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Sinusitis–Child

Acute sinusitis, the uncomplicated inflammation or swelling of normally air-filled spaces of the skull surrounding the nose (paranasal sinuses), is common in children. Sinusitis may be caused by a virus, bacteria, or fungus. Imaging tests are not recommended for children with acute sinusitis because diagnosis and treatment are based on clinical findings.

If sinusitis does not improve, gets worse even with treatment, or happens when a child is very ill with acute disease, imaging may be needed. CT scan without intravenous (IV) contrast is the best way to examine paranasal sinus anatomy or complications of sinusitis. This test may be used to help plan for paranasal sinus surgery.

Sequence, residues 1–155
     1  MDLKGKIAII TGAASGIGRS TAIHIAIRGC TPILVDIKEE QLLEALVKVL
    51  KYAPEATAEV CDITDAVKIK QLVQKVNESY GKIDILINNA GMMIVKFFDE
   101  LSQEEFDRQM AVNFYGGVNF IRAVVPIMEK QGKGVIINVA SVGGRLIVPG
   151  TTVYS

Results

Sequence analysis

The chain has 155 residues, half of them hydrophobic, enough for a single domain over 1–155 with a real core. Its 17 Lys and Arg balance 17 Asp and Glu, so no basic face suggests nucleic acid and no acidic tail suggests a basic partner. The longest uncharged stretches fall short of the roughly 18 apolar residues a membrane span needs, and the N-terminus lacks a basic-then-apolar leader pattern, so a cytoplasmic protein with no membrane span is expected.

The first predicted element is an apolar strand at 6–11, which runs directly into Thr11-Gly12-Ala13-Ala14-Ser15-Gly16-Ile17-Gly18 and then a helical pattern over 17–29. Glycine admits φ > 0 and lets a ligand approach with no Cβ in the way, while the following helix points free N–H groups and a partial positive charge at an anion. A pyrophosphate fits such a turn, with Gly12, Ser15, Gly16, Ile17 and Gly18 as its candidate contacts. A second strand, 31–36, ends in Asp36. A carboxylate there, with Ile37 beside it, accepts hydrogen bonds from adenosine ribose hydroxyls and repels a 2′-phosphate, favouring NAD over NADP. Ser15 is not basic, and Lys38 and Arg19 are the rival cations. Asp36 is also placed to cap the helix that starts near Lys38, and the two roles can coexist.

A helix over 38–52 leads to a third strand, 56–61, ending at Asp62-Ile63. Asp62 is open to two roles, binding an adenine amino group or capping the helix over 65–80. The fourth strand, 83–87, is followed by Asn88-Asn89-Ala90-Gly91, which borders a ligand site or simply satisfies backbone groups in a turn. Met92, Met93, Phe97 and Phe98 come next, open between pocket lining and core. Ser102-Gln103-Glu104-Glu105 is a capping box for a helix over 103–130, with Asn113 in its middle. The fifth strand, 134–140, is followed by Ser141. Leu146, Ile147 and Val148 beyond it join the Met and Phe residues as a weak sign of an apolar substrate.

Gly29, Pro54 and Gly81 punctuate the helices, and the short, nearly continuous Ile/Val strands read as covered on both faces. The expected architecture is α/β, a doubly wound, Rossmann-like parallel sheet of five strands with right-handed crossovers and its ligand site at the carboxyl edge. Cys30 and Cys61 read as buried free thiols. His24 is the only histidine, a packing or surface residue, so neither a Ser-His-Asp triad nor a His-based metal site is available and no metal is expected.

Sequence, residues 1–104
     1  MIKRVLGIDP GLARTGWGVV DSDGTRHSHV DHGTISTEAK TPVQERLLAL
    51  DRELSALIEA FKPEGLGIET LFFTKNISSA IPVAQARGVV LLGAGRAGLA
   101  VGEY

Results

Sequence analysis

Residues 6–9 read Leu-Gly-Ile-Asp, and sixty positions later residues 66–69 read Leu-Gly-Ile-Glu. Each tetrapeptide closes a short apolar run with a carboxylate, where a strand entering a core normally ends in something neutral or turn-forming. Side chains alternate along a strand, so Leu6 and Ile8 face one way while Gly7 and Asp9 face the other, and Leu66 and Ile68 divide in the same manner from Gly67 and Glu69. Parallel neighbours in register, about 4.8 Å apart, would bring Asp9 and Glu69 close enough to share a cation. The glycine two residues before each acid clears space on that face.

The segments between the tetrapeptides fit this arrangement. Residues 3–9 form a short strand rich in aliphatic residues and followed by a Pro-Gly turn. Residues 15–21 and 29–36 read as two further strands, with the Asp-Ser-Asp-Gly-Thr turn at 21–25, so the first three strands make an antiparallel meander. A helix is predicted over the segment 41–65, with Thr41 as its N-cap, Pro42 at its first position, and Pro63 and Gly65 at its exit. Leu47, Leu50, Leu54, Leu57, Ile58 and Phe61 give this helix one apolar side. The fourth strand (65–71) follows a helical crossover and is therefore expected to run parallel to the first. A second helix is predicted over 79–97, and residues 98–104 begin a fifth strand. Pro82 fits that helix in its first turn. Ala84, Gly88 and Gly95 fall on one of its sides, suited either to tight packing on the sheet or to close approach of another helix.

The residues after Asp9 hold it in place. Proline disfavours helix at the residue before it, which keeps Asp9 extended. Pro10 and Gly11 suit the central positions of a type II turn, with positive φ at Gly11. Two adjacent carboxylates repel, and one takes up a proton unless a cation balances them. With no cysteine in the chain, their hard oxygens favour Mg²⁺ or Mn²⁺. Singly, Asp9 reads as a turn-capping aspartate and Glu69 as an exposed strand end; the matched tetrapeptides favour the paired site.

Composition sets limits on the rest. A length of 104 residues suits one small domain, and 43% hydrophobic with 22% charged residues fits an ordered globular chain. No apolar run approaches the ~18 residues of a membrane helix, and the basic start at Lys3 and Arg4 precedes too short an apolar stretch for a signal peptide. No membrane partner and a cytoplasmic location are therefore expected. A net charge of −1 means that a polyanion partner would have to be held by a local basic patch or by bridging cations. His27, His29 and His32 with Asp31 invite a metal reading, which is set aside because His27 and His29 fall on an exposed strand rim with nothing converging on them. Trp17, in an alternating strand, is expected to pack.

CT of the paranasal sinuses with IV contrast is recommended when complications of sinusitis are thought to extend to the eye sockets (orbits), skull, or brain MRI without and with IV contrast may be needed when meningitis, an infection that goes into the brain, is a probable diagnosis. Sometimes paranasal sinus infections cause problems with the blood vessels of the base of the skull. CT  or MR angiography and venography are helpful to diagnose involvement of these arteries and veins.

Children with compromised immune systems, especially those with cancers of the blood, are prone to acute and invasive fungal paranasal sinus infection. In these cases, CT and MRI of the head and paranasal sinuses without and with IV contrast are the most appropriate imaging examinations.

This page was reviewed on December, 15, 2021

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